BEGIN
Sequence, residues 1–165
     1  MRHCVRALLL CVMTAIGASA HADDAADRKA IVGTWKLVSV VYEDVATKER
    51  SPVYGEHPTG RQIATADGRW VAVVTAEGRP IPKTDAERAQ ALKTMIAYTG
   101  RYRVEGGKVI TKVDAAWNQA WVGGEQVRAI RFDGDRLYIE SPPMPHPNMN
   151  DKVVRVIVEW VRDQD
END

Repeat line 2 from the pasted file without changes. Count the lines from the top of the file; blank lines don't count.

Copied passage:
     1  MRHCVRALLL CVMTAIGASA HADDAADRKA IVGTWKLVSV VYEDVATKER